Emancipation of Minors
It seems like every child wonders when he or she can be treated like an adult. The answer usually varies depending on whether they are asking their parents or the legal system. In family law cases, emancipation of a minor (also called “divorce from parents”) refers to a court process through which a minor can become legally recognized as an independent adult. Through emancipation, a minor can take responsibility for his or her own welfare, and make the major decisions that parents typically would handle. Therefore, minors will generally need to establish their ability to independently live and support themselves before a court will grant emancipation.
This section provides information on the emancipation process, from the basics of emancipation law and age restrictions to the rights and responsibilities that come with it. In addition, some states have unique minor emancipation laws, which are listed in this section. There are also resources for parents, including a guide to when and if their legal obligations to emancipated children continue.
Benefits and Limitations of Emancipation
The benefits of emancipation are apparent to the minor: the ability to enter into contracts (including automobile and housing agreements), the ability to make their own education and medical decisions, and the ability to keep all of their income and determine how it is spent. For parents, they no longer need to support the child, financially or otherwise, and most child support will cease when the child is emancipated. However, emancipation does not make a minor an adult in terms of every law. Even an emancipated minor will have to wait until they reach the age of majority (usually 18) before they have the right to vote or get married. It should be noted that not every state provides the legal means for emancipation.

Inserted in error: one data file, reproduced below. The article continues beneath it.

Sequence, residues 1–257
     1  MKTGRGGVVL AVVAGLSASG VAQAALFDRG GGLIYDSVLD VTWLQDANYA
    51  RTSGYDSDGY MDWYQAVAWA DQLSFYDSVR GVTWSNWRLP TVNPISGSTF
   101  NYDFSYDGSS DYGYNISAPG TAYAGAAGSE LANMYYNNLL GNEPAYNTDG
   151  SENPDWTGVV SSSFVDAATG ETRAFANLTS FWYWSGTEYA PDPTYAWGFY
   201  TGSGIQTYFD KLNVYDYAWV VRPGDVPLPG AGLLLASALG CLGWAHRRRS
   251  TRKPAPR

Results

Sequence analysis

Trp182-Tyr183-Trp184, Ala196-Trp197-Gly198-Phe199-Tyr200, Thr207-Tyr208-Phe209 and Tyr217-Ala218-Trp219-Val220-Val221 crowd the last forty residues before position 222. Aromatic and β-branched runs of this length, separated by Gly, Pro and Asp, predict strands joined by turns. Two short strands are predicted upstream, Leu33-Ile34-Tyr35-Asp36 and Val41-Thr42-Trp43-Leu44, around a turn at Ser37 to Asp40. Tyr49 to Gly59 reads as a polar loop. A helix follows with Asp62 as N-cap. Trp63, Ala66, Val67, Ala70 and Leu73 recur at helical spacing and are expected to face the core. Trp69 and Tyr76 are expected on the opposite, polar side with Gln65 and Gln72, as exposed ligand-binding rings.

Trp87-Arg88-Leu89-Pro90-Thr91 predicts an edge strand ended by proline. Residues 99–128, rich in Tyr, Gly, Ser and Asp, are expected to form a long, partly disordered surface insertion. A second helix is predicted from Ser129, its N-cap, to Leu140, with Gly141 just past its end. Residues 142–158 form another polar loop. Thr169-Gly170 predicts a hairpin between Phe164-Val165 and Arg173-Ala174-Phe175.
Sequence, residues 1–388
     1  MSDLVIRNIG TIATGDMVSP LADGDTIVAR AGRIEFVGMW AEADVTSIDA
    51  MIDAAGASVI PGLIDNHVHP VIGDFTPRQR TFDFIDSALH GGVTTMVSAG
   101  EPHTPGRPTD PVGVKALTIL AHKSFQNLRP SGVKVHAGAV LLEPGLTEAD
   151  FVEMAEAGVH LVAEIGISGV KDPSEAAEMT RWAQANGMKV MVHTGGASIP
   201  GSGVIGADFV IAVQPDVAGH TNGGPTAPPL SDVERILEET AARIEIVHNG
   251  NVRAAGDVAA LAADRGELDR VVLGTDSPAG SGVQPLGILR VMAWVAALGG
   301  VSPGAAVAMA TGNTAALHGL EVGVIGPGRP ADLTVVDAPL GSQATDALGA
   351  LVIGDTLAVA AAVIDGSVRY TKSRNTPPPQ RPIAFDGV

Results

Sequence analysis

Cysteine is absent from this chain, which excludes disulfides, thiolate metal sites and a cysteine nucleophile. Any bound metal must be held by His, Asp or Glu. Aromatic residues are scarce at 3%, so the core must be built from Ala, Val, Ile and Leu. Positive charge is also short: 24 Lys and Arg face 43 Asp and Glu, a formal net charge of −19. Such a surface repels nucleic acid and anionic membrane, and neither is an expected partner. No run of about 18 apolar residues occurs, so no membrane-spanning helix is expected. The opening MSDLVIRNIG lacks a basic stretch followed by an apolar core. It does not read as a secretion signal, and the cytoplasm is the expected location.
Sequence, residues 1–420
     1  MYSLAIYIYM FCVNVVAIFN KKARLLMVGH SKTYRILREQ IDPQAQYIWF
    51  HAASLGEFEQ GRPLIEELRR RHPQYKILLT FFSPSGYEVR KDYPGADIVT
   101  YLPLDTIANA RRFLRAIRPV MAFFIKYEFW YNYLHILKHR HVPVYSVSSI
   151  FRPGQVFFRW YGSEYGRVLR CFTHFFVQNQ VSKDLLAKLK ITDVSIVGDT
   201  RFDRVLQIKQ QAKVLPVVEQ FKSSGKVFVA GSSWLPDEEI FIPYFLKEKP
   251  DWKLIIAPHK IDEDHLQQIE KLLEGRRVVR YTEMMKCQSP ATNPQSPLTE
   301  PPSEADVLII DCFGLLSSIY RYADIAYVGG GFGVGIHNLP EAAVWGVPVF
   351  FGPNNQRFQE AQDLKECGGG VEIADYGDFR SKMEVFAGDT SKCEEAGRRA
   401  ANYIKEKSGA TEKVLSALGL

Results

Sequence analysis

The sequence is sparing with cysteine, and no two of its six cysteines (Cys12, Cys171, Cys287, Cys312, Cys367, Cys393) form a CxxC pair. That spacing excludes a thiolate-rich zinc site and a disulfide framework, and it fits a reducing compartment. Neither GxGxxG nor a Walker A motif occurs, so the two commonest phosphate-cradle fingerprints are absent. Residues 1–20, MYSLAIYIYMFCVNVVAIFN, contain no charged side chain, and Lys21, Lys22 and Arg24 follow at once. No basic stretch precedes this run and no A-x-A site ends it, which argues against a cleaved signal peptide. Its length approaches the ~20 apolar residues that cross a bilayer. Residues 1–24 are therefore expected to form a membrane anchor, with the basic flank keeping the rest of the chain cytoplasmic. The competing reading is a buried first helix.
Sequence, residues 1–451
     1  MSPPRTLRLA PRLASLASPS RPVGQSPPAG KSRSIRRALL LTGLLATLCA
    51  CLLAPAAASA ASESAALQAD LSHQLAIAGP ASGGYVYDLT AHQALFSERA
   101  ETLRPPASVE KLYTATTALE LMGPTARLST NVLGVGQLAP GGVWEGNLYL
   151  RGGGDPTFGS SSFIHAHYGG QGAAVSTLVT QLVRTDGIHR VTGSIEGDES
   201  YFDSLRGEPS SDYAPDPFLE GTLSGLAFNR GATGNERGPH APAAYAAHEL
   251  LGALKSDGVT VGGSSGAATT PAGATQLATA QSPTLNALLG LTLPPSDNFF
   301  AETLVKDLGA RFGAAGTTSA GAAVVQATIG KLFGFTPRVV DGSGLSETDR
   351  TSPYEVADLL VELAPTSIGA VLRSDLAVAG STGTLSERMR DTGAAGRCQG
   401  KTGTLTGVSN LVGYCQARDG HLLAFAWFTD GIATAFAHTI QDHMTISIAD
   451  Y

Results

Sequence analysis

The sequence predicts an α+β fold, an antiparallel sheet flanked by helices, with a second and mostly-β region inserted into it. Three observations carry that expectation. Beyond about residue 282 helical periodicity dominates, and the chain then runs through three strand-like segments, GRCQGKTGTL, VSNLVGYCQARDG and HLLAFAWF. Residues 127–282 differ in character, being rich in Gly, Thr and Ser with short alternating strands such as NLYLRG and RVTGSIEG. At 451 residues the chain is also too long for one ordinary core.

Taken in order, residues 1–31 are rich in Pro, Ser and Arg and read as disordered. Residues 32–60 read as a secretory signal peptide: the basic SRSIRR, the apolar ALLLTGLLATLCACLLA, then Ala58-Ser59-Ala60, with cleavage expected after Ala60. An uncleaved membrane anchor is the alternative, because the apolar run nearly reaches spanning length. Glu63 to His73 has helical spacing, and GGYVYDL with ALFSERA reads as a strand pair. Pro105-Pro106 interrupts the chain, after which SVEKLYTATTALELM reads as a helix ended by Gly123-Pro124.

Requirements for Emancipation
Even though most emancipations are an effort to circumvent age requirements, there are still minimum ages that must be attained before a court will grant emancipation. These vary depending on the state, with some setting them as low as 14 and as high as 18 (where the age of majority is 19). There may also be notification requirements for the filing, and information that must be included in the emancipation filing, which can also vary depending on the jurisdiction. In most every case, a court will make a determination based on what it sees as the child’s best interests. Some factors would include the child’s financial and living situation, their maturity and decision-making ability, and any family history of abuse or neglect.
Procedure for Emancipation
In certain circumstances, emancipation is automatic. For example, once a minor joins the armed forces or gets married, they are generally considered legally emancipated. In all other cases, the minor will have to petition the court for emancipation. The threshold of evidence a minor must show in order to be granted emancipation will vary, but normally the minor must prove financial independence, adequate living arrangements, and sufficient maturity. As noted above, the court will look to the minor’s best interest when making an emancipation ruling.
Legal Assistance for Emancipation
While it may be possible to petition the court for emancipation on your own, it never hurts to have some expertise on your side. A qualified family attorney or a local legal aid office can provide more specific guidance regarding the local requirements and emancipation procedures.
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